What’s your game plan? Will you send letters to vendors, asking for sponsorship, then follow up with a phone call? Or an in-person visit? To get started, use the Letter to a business in your toolkit.
Is the vendor/business part of chain? Is there potential for larger sponsorship or support of your event outside of the immediate community?
Quick tip: Securing sponsorship can develop into a big job if it’s done correctly. Consider organizing a sponsorship committee or nominating sponsorship co-chairs to spread the work evenly.
3. Building the buzz Getting the word out is the key to hosting any successful event. The secret to building the buzz is to promote your event early and often using many different channels. Some opportunities to consider:
Local newspapers (both advertisement and feature story) Local radio stations Local television stations (both advertisement and feature story) Hosting a booth at other community events Event flier/poster Chapter or national organization Web sites
Quick tip: Does one of your chapter or lodge members have a loved one living with Alzheimer’s disease? Is she or he willing to share this experience? Personal stories can be incorporated into media coverage and are one of the most effective ways to reach your audience. When promoting your event, you can decide to pay for promotion (advertising) or try to build a story around your event in order to get free media coverage (public relations). Depending on the funds you have available, it’s important to try a combination of these tactics. Your toolkit has the following resources to help you get started:
Sample newspaper ad Press release Media alert
4. Event logistics Your event day team and other volunteers To keep things running smoothly on the day of your event, enlist a team with specific responsibilities to help you with the legwork. This concept extends beyond the event day – you simply can’t do this alone! Recruit for the following volunteer roles, knowing that
these individuals can create a committee to help them depending on the size of your event: Sponsorship chair Recruitment chair Promotions chair Fundraising chair Logistics chair All of these volunteers should report up to an event chair or two co-chairs to ensure clear and consistent communication.
Event set up and execution The big day is finally here! There may be a lot going on, but there’s no need for panic or frustration. Depending on the size, scope and level of detail involved in your event, assign the following responsibilities to help things go exactly as planned. Set up (tents, tables, starting line, stage, chairs, etc.) Registration/check-in First aid Money collection Media hosts Photography Announcements Quick tip: If your event is being held outdoors, always have a plan B to accommodate your participants if bad weather should arise. Will you publicize a rain date? Move the event indoors? How will participants know the event is canceled? Decide the answers to these questions well in advance of the event.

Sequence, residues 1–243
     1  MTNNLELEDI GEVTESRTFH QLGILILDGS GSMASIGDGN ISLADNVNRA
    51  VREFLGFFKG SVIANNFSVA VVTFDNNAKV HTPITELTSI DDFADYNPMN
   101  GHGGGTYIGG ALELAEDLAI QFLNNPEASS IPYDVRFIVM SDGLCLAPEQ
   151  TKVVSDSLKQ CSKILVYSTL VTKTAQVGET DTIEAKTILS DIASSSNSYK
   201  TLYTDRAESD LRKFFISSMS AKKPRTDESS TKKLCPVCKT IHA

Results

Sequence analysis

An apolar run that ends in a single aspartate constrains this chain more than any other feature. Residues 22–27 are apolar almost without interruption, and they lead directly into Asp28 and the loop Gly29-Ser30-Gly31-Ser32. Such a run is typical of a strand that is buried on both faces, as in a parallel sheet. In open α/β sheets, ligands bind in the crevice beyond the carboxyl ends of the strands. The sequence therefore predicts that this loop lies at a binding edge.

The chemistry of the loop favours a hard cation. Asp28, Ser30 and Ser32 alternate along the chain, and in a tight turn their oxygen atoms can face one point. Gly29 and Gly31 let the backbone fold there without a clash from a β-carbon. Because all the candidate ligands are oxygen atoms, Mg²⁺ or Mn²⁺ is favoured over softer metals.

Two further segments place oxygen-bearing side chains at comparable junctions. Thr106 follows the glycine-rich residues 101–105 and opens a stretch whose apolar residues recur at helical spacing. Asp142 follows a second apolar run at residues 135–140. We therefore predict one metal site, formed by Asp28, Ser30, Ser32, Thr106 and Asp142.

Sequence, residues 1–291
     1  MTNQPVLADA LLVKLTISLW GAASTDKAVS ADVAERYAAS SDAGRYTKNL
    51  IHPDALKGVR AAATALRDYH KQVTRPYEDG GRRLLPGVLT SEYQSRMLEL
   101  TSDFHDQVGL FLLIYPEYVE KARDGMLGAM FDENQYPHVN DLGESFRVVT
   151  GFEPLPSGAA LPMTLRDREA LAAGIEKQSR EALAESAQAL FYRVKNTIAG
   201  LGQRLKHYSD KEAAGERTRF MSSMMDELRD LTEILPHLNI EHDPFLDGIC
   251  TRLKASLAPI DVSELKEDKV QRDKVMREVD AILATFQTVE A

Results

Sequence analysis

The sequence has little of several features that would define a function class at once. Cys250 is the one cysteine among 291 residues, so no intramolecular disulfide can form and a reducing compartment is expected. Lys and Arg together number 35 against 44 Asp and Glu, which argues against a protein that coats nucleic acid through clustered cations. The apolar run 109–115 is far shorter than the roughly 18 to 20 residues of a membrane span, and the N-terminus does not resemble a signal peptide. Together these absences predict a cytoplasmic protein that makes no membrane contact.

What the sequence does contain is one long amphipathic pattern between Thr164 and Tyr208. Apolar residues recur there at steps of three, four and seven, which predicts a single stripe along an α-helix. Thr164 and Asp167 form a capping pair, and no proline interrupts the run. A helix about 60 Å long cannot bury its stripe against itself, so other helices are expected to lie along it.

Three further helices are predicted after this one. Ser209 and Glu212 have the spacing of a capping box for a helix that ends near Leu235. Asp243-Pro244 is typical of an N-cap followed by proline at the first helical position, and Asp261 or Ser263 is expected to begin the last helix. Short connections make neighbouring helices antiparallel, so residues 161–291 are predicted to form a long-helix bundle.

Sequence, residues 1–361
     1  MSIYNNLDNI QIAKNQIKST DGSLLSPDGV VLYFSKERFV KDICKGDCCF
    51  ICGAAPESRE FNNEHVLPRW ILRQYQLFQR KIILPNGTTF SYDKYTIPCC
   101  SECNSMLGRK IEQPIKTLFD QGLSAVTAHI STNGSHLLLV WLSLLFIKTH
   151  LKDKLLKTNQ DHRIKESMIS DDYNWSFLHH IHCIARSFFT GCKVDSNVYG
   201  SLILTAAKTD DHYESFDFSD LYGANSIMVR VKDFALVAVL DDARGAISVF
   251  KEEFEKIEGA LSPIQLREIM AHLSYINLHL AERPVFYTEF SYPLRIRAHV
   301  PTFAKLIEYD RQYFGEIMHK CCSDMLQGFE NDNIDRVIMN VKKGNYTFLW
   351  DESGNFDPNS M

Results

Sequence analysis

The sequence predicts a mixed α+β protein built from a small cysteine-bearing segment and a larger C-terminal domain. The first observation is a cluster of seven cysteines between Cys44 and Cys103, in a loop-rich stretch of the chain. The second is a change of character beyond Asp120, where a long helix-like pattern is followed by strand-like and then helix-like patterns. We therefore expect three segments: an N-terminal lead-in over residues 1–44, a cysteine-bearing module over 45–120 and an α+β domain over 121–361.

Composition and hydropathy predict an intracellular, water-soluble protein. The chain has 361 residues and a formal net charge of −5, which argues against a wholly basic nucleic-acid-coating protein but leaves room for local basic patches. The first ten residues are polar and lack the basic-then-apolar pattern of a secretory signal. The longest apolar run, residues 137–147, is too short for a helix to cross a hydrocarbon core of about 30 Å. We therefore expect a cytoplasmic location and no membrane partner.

Engaging your community Here are some ideas to get others in your community involved in your event:
Offer up volunteer opportunities to the public. Someone might not want to participate, but would be happy to volunteer.
Create opportunities for people to participate in groups and/or teams. There’s safety in numbers!
Personalize your request for involvement. If Alzheimer’s has affected your life, consider speaking out about your experience. When Alzheimer’s disease becomes “real” to others, they are more motivated to contribute to the fight. Sharing your experiences in a face-to-face or public setting is particularly powerful.
5. Keep them coming back for more Getting participants and sponsors back next year In order to recruit new participants and sponsors while keeping those that you have now, consider the following tips:
Never underestimate the power of a thank-you note. Send handwritten notes to your sponsors, and send acknowledgment letters to your participants.
Recognize them. At your event, thank your sponsors and participants publically. Your participants will feel great about themselves, and your sponsors will love how you promote their community awareness.
Consider giving awards to some of the participants at your event for the most money raised, most enthusiastic team, etc. This is part of creating a fun and memorable event day experience.
Try to get some post-event press. Send out a press release announcing how much money you raised for the Alzheimer’s Association. Participants and sponsors will feel the event was a “big deal” and be more likely to return next year.
Quick tip: Try to have some kind of ongoing communication with your participants and sponsors. When you set an event date for the upcoming year, let them know your plans! A big part of creating a successful event is building on it year after year.